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Salamandra infraimmaculata

Subgenus: Oriandra
family: Salamandridae
subfamily: Salamandrinae

© 2016 Dr. Joachim Nerz (1 of 32)

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Conservation Status (definitions)
IUCN (Red List) Status Near Threatened (NT)
See IUCN account.
CITES No CITES Listing
Other International Status This species is not protected by any law
National Status None
Regional Status None

   

Description
The appearence of this species is quite different among subspecies; Salamandra infraimmaculata infraimmaculata is large (up to 324 mm), and has big yellow dots over the whole body, except the belly. Usually there are four yellow spots on the head; one on each paratoid and one above each eye. S. i. orientalis is in appearence about the same as S. i. infraimmaculata, but has small, yellow spots over the whole body, exept the belly. The validity of this subspecies is questioned. S. i. semenovi is large, and has rose-like, round spots over the whole body. The head is fairly round.

This is the largest fire salamander species; it can reach a length of 324 mm. The females are usually larger than males. This species has no coloration on the belly, the underside is completely black.

Distribution and Habitat

Country distribution from AmphibiaWeb's database: Iran, Islamic Republic of, Iraq, Israel, Lebanon, Syrian Arab Republic, Turkey

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The distribution of this species is not clear. S. i. infraimmaculata lives in Lebanon, Syria, Israel and south-east Turkey. S. i. orientalis lives in central southern Turkey; the type locality is Findikpinar, near Adana. Finally, S. i. semenovi lives in Turkey (Kurdistan) and the Zagros mountain range.

Life History, Abundance, Activity, and Special Behaviors
Little is known about these subjects. Because S. i. infraimmaculata lives in hotter areas than S. salamandra, it can be assumed that S. i. infraimmaculata is only active in the winter period, just like S. algira. The subspecies S. i. orientalis and S. i. semenovi live at higher altitudes, so it could be possible that these are active in the summer period.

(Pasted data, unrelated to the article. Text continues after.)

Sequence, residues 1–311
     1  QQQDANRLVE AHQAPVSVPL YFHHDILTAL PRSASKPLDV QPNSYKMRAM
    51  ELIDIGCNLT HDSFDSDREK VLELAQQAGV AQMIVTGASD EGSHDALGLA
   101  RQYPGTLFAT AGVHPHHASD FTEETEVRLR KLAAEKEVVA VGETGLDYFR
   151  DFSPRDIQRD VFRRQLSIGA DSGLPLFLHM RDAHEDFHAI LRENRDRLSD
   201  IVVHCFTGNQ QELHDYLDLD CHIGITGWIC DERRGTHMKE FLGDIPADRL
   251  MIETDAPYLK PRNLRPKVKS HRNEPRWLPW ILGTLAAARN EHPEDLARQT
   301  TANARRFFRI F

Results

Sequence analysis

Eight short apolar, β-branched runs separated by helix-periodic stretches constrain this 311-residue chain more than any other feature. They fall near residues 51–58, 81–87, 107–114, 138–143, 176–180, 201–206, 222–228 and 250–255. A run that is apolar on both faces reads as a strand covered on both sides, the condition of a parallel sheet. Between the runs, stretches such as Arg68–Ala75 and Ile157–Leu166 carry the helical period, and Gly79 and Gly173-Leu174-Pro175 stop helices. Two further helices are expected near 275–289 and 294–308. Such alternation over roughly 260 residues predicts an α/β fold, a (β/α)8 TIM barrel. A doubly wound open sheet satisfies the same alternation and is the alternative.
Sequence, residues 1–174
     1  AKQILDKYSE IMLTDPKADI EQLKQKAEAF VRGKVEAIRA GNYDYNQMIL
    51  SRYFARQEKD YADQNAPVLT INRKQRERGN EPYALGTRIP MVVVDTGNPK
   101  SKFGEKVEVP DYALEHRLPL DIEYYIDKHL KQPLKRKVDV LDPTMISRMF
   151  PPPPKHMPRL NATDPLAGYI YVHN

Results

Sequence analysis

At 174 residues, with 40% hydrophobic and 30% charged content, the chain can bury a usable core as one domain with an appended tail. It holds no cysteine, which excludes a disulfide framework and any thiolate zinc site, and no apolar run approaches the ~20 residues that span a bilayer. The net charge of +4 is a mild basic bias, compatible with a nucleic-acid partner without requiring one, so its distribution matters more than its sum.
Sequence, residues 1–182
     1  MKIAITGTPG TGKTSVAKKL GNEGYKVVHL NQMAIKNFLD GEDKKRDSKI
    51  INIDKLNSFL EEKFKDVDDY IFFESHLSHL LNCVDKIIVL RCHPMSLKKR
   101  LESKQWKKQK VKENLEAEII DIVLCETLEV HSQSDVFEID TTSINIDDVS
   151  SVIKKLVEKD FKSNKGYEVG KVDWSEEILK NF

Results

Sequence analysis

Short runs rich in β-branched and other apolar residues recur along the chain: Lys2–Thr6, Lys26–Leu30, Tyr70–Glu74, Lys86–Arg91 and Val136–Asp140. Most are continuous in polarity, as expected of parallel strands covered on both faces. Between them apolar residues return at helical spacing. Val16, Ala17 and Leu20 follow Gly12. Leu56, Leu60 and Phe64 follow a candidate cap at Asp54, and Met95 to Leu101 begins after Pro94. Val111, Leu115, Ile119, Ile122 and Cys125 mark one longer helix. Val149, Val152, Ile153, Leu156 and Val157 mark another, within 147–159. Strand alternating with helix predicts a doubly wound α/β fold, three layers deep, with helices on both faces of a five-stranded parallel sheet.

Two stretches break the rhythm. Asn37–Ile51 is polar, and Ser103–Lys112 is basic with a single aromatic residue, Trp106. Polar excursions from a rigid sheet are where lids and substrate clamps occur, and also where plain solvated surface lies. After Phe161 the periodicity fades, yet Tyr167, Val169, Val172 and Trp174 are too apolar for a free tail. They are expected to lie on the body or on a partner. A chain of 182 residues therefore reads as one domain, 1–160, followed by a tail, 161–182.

Comments
DNA research suggests that populations from the Mediterranean coast of Turkey are very different in comparison to all three subspecies. Populations east of that coast are more like the populations in central Turkey. Populations in Israel also stand out because of the DNA difference. The S. i. semenovi populations in Iran are similair to those in east Turkey. Finally, the populations of S. salamandra in west Turkey are more similair to S. infraimmaculata than S. salamandra. (Steinfartz et al. 2000)

References

Freytag, G.E. (1955). Feuersalamander und Alpensalamander (Die Neue Brehm Bücherei Bd. 142). A. Ziemsen, Wittenberg-Lutherstadt.

Rivera, X. (1996). Die Gattung Salamandra. Reptilia, Münster.

Steinfartz, S., Veith, M., and Tautz, D. (2000). ''Mitochondrial sequence analysis of Salamandra taxa suggests old splits of major lineages and postglacial recolonizations of Central Europe from distinct source populations of Salamandra salamandra.'' Molecular Ecology, (9), 397-410.



Written by Wouter Beukema (woutertje40 AT hotmail.com),
First submitted 2003-06-24
Edited by Arie van der Meijden, Meredith Mahoney (2004-04-02)

Species Account Citation: AmphibiaWeb 2004 Salamandra infraimmaculata <http://amphibiaweb.org/species/5919> University of California, Berkeley, CA, USA. Accessed Dec 4, 2016.



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Citation: AmphibiaWeb. 2016. <http://amphibiaweb.org> University of California, Berkeley, CA, USA. Accessed 4 Dec 2016.

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